Cynthia Dugger thought the loud bangs that rang out near her home on the 3300 block of Elmora Avenue in Baltimore on the evening of June 27 were thunder, part of a band of storms moving through the area.

Instead, Dugger said she was horrified to find out that the loud bangs on the block where she has lived for more than 20 years had really been gunshots, fired just a few doors down from her home.

Around 9:05 p.m., Baltimore Police received calls of gunshots in the 3300 block of Elmora Ave., according to northeast Baltimore Police Major Robert Worley. Worley said officers arrived to find three women, a 21-year old, 25 year-old and 51-year-old, suffering from gunshot wounds. All three women were transported to local hospitals, officials said.

One of the victims, Gennie Shird, 21, succumbed to her injuries and later died. According to her Facebook page, Shird graduated from Doris M. Johnson High School in 2010 and was attending Baltimore City Community College.

The shootings continued a bloody start to the summer in Baltimore. There have been 35 shootings in Baltimore since June 21, the first official day of summer. Of those, 14 have been homicides.

“These shootings are unacceptable to us and should be unacceptable to members of the community,” Worley said minutes after the shooting. “We need the community to step up and give us a hand in identifying these suspects and tell us what they saw.”

Worley said he and his shift commander made their rounds in the block just 10 minutes before the shootings. At that time, he said more than 100 people were outside on the block, and kids were outside riding bikes and playing.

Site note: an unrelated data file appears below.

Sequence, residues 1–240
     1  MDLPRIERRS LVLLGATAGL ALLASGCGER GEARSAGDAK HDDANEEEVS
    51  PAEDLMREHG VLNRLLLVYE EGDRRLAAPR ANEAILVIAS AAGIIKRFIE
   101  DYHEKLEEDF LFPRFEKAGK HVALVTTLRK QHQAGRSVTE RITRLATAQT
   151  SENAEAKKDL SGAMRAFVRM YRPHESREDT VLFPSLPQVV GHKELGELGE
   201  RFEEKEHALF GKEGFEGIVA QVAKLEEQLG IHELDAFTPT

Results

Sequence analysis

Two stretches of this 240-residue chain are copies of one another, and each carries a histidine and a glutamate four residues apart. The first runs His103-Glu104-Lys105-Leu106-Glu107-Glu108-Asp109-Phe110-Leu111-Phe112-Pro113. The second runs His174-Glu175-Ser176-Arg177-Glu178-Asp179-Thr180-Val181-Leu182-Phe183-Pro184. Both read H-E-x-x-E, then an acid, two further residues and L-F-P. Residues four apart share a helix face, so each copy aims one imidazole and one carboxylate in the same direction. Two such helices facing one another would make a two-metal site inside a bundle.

About an hour after the shooting, one woman, Shaq Davidson, 19, entered the area with umbrella in hand and tears streaming down her face. She said her boyfriend’s family lives in the block.

“He called me and said his cousin got shot,” said Davidson.

Officers said they have a description of a suspect, but no arrests have been made.

“People out here saw what happened and they had to see the suspects because there’s no way that they didn’t. It was still daylight out and we just need the citizens’ help,” said Worley.

Baltimore Police Commissioner Anthony W. Batts arrived on the scene about an hour after the shooting. He said officers believe the shooting was a neighborhood dispute and not gang related.

“We have what sounds like a neighborhood dispute,” Batts said during a press conference. “We had kids that were out here playing and from the air, from the ground, from us being in the area, we did everything to keep this safe.”

Batts said women are increasingly becoming victims of shootings both in Baltimore and across America.

“I don’t think it’s unusual nationally or even locally at this point of time,” Batts said. “We are seeing more and more females getting into violent confrontations with one another, not to a degree that males do, but this is shocking in a lot of different ways.

Click for related articles:

“Second Woman Dies from Elmora Ave. Triple Shooting”

“Baltimore’s ‘Public Enemy Number One’ Nabbed in Alabama”

“Baltimore Police Issue Warrant for Alleged Trigger Man in Triple Shooting”

“Baltimore’s Summer Violence: Mourning the Death of Gennie Shird”

“Family of Woman Slain in Triple Shooting Speaks Out”


Krishana Davis and Blair Adams

AFRO Staff Writers